Elder (Sambucus nigra)
Other common names: Black elder, ellhorn (German), pipe tree, elderberry, European elder, hylantree, bour- or boretree.
Caution: Do not consume red elder berries, this is not the same species as Sambucus nigra, and the red berries are toxic.
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Antimicrobial, diaphoretic, anti-inflammatory, respiratory tonic, immune booster, anti-tussive, antihistamine, anti-pruritic, decongestant, lymphatic tonic, blood purifier, expectorant, bitter, cholagogue, aperient laxative, astringent, antioxidant, cardiac and vascular tonic, analgesic, demulcent, diuretic.
You can harvest the flowers in late spring/early summer. Berries are harvested in late summer/early autumn.
Part used: Berries, flowers. Other parts have been used historically, but due to the cyanogenic glycoside content, this has fallen out of practice and will not be detailed here.
Tannins, N-phenylpropenoyl-L-amino acid amides, anthocyanins, quercetin, carotenoids, cyanogenic glycosides, sugar, rutin, viburnic acid, vitamins A, B and C, hyperoside, organic acids, plastocyanin, sambunigrin, mucilage.
Berries are cooked or thoroughly dried (a week or more, be sure they are well dried or sickness can result) and then made into various preparations, including decoctions, cough and fever syrups, tinctures, liqueurs, capsules, lozenges and more. Flowers are dried or used fresh (be careful not to include any of the plant’s bark or inner wood when processing flowers or berries). They can be made into syrups and cordials, infusions, tinctures and other medicines.
The flowers and berries share many similar properties, however we tend to use berries when the complaint involves pain, or the mild laxative effect is desired.
The flowers can be made into a wash to treat eye infections/irritations, and skin conditions (especially those that are bacterial, viral or fungal in origin). Use in the bath, or in poultice form (great for ear aches, strains, sprains and bruises). Cooked berries can also be used topically in a poultice, although the flowers are more common for external use. They have also been used for making emollient lotions, dyes (along with other parts of the plant) and cosmetics. Elder even repels insects.
Contraindications: Do not use if pregnant or nursing. Do not use in patients with severe kidney stones, obstructed bile duct or large gallstones, or those retaining water due to kidney disease. Insulin-dependent diabetics and those suffering from autoimmune disorders such as lupus or HIV/AIDS should consult a doctor before use. May interact with immunosuppresants and pharmaceutical diuretics. May decrease the absorption rate of opiate drugs.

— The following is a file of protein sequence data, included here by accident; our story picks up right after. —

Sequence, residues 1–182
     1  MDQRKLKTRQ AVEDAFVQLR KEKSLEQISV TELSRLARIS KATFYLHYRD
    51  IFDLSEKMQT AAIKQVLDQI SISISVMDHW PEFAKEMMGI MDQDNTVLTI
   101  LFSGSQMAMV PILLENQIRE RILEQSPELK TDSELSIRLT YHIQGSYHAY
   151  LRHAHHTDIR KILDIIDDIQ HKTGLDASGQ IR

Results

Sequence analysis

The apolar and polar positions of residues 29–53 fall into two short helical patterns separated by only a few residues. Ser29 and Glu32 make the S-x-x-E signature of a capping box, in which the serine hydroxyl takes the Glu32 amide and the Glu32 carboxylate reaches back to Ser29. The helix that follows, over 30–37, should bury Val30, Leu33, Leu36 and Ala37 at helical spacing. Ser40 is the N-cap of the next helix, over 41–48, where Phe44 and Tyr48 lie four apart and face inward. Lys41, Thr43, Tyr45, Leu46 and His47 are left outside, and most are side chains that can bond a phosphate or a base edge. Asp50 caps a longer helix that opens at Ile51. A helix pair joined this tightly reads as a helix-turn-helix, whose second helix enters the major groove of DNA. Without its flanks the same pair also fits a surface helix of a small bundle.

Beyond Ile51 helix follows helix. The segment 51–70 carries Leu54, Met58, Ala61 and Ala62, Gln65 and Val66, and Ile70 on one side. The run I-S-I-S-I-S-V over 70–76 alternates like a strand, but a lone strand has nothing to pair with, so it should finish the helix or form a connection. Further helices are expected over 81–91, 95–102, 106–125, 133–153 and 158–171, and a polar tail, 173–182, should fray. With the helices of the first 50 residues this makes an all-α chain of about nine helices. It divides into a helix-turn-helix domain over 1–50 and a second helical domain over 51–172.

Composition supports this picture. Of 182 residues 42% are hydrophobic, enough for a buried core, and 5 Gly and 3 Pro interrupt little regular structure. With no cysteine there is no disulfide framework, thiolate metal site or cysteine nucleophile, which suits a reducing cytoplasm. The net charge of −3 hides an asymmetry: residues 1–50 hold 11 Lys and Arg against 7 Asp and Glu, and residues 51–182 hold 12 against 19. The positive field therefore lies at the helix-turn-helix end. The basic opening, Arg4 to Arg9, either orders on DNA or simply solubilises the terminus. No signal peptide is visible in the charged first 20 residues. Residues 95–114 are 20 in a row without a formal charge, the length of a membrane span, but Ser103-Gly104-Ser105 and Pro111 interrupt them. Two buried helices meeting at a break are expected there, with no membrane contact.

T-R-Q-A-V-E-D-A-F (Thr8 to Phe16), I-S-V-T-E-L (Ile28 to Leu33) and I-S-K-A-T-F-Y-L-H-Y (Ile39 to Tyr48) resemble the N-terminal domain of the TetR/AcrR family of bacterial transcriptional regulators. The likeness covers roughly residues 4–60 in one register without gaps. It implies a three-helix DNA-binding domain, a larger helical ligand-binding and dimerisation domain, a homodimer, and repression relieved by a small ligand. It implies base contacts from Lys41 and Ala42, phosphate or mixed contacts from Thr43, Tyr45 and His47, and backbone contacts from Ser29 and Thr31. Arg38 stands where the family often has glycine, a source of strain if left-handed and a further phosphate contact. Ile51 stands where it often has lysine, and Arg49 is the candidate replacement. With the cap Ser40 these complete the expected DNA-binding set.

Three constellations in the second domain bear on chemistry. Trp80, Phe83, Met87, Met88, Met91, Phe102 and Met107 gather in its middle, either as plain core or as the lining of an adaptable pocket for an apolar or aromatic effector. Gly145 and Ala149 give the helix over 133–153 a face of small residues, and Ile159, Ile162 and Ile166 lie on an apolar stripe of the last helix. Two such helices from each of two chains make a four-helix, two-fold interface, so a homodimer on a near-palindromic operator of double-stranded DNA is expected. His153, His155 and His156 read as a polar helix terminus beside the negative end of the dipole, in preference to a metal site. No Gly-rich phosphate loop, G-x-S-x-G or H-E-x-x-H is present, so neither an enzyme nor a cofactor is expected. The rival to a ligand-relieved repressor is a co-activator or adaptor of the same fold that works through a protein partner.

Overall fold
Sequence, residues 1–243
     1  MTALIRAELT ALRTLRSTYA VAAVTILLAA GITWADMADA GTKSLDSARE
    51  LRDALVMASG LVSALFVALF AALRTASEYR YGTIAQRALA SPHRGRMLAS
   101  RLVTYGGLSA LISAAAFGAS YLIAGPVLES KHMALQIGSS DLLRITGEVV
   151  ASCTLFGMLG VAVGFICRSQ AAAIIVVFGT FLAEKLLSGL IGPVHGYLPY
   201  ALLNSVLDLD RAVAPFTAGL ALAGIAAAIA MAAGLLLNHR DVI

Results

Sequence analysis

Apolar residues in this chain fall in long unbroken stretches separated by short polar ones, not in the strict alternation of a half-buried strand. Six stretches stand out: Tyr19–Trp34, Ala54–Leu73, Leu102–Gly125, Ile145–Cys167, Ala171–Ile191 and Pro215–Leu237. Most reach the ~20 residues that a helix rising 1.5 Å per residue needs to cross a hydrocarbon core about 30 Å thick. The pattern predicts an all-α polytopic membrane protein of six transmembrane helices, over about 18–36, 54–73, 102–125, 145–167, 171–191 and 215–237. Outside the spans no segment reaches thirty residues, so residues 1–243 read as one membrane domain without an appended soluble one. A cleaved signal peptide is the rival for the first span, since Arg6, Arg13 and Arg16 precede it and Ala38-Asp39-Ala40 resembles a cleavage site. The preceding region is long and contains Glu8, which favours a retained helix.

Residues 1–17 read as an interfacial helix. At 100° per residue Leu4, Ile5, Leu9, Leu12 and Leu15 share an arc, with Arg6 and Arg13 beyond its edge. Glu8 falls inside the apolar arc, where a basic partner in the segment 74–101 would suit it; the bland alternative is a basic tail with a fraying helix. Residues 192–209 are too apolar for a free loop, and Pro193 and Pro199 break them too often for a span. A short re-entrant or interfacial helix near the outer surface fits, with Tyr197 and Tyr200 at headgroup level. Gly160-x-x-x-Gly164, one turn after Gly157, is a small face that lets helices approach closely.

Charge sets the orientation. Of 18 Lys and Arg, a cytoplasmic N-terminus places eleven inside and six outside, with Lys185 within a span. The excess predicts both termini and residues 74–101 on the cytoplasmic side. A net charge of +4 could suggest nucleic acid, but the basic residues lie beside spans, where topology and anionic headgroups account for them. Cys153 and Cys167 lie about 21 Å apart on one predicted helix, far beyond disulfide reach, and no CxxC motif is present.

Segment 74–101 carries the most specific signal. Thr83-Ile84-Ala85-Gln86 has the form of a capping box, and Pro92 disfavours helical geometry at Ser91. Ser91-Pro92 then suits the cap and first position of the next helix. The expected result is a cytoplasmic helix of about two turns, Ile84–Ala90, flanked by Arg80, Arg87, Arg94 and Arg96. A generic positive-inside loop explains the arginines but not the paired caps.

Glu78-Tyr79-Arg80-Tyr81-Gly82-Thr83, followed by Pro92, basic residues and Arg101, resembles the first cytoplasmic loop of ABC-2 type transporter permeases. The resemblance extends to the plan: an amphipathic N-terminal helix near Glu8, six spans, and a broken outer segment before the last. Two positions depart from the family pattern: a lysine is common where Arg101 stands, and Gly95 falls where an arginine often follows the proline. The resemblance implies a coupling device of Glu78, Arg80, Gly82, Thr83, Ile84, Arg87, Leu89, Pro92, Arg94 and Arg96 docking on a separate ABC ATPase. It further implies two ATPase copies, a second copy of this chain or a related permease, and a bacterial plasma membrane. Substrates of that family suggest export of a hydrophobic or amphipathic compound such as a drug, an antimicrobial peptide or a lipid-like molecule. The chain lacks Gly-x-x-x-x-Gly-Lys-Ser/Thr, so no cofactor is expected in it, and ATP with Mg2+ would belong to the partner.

I suggest consulting a pharmacist or physician before starting any herbal supplement if you are taking a prescription medication or have serious underlying health concerns.
Energetic/traditional use: Elder has a strong spiritual history in many cultures. For a number of communities, it is considered a sacred tree that is very attractive to fae folk. The wood (which can take over a year to dry thoroughly enough to be non-toxic) is used to make ceremonial tools and musical instruments, and other sacred items – particularly for calling spiritual beings. Being beneath an elder tree at dawn or dusk, especially on Midsummer Night’s Eve, is a perfect time to see some fae at play. Elder has long been known as a protector, as well. The tree itself will guard the land and homes around it, and parts of the plant may be used to create guardian items to protect people or places. Be aware that this plant demands the highest standard of respect…if you are going to harvest it is integral to provide an offering as well as a request for permission and expression of thanks. To forego this is to encourage ill-luck. It is considered taboo in some cultures to burn the wood. It has been associated with Witchcraft and also has been used in funeral ceremonies due to its affiliation with the life and death cycle, and the crone aspect of Goddess. Elder is most often considered female in its energy. The rune associated with elder is Fehun and it is the 13th tree in the Celtic year. It is considered bad luck to use elder wood in a crib, as fae folk take this as an invitation to adopt the child (this would be a bad practice regardless, due to toxic potential). Falling asleep beneath an elder tree might be unwise, if you don’t wish to slip into a fae realm. Of course, you would be rather well protected…maybe. Washing your eyes with dew from an elder can assist a human in being able to see fae folk.
Disclaimer: The information on this website is intended as general education on herbs and is not intended to take the place of medical care. Please consult a health care professional before embarking on any health regime.